Hamas official calls on U.S. to lift group from terrorist list, open talks

A senior Hamas official called on the United States Thursday to remove the militant Islamic group from Washington's list of terrorist organizations and to open a dialogue without preconditions.

Moussa Abu Marzook, deputy head of Hamas' political bureau, also confirmed reports from Gaza that Ismail Haniyeh, a leader of the group in the Gaza Strip, had been chosen to be prime minister when Hamas forms a government in the near future. Haniyeh, 46, is seen as a leader of the more pragmatic wing of Hamas.

Marzook said the U.S. should deal with Hamas "as it is, and later there could be a dialogue ... but there should be no preconditions."

"Hamas is not the only side that wants peace ... All the Palestinians want peace because they are the only people whose rights have been encroached upon and who have been expelled from their lands," Abu Marzouk said.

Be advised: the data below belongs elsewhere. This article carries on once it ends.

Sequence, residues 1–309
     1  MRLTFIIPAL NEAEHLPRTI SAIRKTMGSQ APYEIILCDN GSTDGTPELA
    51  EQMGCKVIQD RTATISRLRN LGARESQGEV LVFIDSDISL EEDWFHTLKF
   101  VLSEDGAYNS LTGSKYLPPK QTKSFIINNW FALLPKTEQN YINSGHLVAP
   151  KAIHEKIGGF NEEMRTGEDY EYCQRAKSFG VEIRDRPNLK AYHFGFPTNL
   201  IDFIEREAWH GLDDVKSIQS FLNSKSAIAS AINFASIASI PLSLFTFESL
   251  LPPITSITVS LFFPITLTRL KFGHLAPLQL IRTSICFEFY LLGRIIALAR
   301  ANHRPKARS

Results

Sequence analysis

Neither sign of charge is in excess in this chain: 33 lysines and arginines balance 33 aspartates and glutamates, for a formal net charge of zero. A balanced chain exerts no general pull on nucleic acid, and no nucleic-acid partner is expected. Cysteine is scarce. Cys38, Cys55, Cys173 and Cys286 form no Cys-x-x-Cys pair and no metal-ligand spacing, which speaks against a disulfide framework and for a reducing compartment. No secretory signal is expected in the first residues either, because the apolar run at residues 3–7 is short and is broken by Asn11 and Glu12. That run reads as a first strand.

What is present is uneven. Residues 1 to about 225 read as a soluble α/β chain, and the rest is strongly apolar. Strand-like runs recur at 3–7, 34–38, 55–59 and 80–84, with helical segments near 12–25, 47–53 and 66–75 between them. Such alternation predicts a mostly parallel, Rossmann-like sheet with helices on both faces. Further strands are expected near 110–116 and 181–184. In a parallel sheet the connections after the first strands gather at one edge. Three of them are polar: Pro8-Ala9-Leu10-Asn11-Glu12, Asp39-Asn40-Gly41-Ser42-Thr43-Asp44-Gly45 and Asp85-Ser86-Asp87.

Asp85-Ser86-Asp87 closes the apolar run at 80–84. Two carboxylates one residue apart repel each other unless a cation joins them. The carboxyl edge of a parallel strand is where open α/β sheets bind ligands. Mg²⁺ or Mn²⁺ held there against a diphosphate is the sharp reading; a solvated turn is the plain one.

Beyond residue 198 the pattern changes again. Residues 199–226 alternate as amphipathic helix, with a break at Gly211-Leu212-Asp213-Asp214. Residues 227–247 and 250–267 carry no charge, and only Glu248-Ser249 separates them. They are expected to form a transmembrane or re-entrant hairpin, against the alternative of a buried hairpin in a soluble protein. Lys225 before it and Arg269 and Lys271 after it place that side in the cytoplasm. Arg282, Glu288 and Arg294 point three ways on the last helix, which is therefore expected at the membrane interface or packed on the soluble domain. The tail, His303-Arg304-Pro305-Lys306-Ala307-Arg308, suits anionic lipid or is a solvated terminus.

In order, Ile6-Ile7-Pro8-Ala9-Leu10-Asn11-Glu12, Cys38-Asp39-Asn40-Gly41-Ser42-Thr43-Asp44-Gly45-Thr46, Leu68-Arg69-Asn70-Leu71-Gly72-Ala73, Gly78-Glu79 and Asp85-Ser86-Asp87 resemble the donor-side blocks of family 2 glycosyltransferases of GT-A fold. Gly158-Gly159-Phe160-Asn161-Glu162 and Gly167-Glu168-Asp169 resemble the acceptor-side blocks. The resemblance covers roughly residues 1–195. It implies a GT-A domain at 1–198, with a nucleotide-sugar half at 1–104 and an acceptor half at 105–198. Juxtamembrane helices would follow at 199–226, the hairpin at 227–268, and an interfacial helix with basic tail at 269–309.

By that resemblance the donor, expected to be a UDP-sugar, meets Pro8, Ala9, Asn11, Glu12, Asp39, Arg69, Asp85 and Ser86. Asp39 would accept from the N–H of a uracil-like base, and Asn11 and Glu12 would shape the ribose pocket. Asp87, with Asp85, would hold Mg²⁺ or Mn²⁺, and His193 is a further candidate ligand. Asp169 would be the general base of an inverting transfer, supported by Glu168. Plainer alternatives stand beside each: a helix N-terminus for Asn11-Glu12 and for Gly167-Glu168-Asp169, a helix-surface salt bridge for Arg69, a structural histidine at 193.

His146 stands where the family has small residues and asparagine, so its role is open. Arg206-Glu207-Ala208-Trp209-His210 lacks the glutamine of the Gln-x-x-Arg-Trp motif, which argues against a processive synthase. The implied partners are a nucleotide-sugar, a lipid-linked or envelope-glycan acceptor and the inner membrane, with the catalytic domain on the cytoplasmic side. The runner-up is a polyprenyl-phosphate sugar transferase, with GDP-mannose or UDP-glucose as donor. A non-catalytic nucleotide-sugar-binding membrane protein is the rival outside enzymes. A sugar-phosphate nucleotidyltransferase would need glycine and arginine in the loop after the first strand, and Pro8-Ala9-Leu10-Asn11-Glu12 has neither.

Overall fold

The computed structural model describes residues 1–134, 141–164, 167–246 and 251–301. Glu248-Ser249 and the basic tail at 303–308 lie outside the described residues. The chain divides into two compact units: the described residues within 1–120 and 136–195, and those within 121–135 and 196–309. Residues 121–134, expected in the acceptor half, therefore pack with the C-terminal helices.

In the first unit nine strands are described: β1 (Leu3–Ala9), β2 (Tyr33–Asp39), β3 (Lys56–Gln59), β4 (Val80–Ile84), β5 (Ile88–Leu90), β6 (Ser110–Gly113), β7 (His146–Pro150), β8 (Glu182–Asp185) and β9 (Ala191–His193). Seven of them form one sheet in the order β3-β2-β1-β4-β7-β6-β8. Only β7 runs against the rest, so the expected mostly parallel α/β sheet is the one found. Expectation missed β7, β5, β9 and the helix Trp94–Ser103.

Abu Marzouk described as "absolutely unacceptable" Israel's pre-conditions for dialogue with Hamas, saying "Hamas ... was chosen by the Palestinian people ... this is democracy."

Israel has said it will not have any contact with Hamas, which won last month's Palestinian legislative elections by a landslide, until the group renounces violence, recognizes the Jewish state and declares it will respect the existing Israeli-Palestinian agreements.

Hamas has dispatched delegations to Arab and other foreign capitals to win support the group's efforts to form a new government.

Hamas, which has previously carried out a wave of suicide bombings that killed or wounded hundreds of Israeli's, has not claimed involvement in any suicide attacks since February 2005.

The radical organization has hinted at a readiness for a long-term truce or some other accommodation with the Jewish state, short of recognition.

But the U.S. and the European Union have threatened to cut off aid to the Palestinian Authority if Hamas forms a government without first recognizing Israel and renouncing violence.

Abu Marzouk, who has been in Egypt, Sudan and Qatar, said Hamas found "all-out support" in the three countries, which back "the choice of the Palestinian people and the budget of the Palestinian Authority as it was in the past." He did not elaborate, reports AP.


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